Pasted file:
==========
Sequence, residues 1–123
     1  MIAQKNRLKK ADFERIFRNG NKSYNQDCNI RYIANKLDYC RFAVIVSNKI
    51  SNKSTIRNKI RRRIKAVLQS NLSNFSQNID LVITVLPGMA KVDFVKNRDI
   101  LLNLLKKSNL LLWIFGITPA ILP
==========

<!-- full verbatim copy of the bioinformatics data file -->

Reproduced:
Sequence, residues 1–123
     1  MIAQKNRLKK ADFERIFRNG NKSYNQDCNI RYIANKLDYC RFAVIVSNKI
    51  SNKSTIRNKI RRRIKAVLQS NLSNFSQNID LVITVLPGMA KVDFVKNRDI
   101  LLNLLKKSNL LLWIFGITPA ILP